The most common cause of this is that your computer’s clock is wildly off. Because certificates have specific start and end dates, if your computer thinks it’s 2005, it doesn’t see any certificates as valid. Have a look at your computer’s time by right-clicking on the time in the System Tray and clicking Adjust date/time. In most cases, you can let Windows set the time automatically, but you can also sync all your devices with an atomic clock. Make sure you have the right time zone selected, too.
After you fix the time, reboot your machine. If the clock is wrong again when you boot up, the CMOS battery on your motherboard is likely dead. This little watch battery allows your machine to keep track of the time even when it’s powered off. You can get a replacement battery for cheap, but depending on your computer, it might be difficult to reach. Check Google for your specific PC model to see if it’s an easy replacement.
If you’ve confirmed that the time is correct and still regularly run into these errors, make sure your browser is up-to-date. Run a malware scan as well, just to make sure there’s nothing malicious around.
For an interesting read on how Lenovo abused security certificates, check out the Superfish malware story.
4. Blue Screen Stop Errors
Blue screen errors, known as the Blue Screen of Death (BSoD), are the most infamous Windows errors of all. They occur when Windows runs into a problem that it can’t fix and simply shuts down to avoid damage.
Once filled with technical data that most people couldn’t decipher, Microsoft has revamped the blue screen into a much simpler form for Windows 8 and above. It now contains a frowning face, a basic Your PC ran into a problem message, and an error code.
Blue screens can have so many causes that it’s impossible to analyze them all. It’s important to note that a single isolated blue screen isn’t a big deal. Sometimes Windows runs into a weird problem and hits a blue screen, then never has that same issue again for months. You should only concern yourself with blue screen errors if they’re recurring.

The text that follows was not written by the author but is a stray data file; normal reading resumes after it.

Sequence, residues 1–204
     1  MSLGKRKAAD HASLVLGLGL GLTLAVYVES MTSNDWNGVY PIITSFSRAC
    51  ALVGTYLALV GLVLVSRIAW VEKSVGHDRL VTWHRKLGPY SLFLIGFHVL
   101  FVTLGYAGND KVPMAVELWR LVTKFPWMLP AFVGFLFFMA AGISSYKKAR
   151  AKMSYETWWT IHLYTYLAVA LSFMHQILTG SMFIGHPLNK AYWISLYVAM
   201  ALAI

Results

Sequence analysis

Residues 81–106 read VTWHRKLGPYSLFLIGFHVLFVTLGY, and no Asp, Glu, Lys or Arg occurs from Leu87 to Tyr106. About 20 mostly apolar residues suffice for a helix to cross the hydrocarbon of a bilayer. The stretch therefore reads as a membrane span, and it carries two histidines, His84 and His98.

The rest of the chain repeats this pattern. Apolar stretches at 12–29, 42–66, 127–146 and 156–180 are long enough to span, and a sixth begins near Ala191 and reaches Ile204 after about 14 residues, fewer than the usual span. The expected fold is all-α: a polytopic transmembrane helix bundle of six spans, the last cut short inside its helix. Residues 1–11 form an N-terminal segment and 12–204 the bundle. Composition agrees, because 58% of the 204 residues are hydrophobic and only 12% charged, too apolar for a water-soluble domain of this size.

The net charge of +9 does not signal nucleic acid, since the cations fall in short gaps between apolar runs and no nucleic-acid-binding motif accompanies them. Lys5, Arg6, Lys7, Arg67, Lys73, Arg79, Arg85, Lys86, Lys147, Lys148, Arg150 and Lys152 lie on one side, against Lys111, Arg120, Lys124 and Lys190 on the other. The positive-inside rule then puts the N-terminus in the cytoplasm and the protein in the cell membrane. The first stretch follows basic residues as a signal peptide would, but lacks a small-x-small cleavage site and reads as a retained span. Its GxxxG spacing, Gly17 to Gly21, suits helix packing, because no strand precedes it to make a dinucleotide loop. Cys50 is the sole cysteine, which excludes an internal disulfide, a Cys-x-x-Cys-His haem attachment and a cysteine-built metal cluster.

Common Blue Screen Codes
Should you have a big problem with blue screens, there are a few codes that pop up more frequently than others that you should be aware of. If your specific error code doesn’t match any of these, a Google search should bring up more information. You can use the BlueScreenView tool to get a summary of the information Windows dumps when it crashes if you miss it the first time. The Bug Check String is the relevant error code.
- DRIVER_IRQL_NOT_LESS_OR_EQUAL — Usually caused by a bad driver. Check for driver updates, especially for any hardware you’ve recently installed.
- PAGE_FAULT_IN_NONPAGED_AREA — This typically occurs whenever you add a new piece of hardware to your system. Review any hardware you’ve recently installed and consider reinstalling its drivers. Other causes of this error include defective RAM, faulty system services, and antivirus hiccups.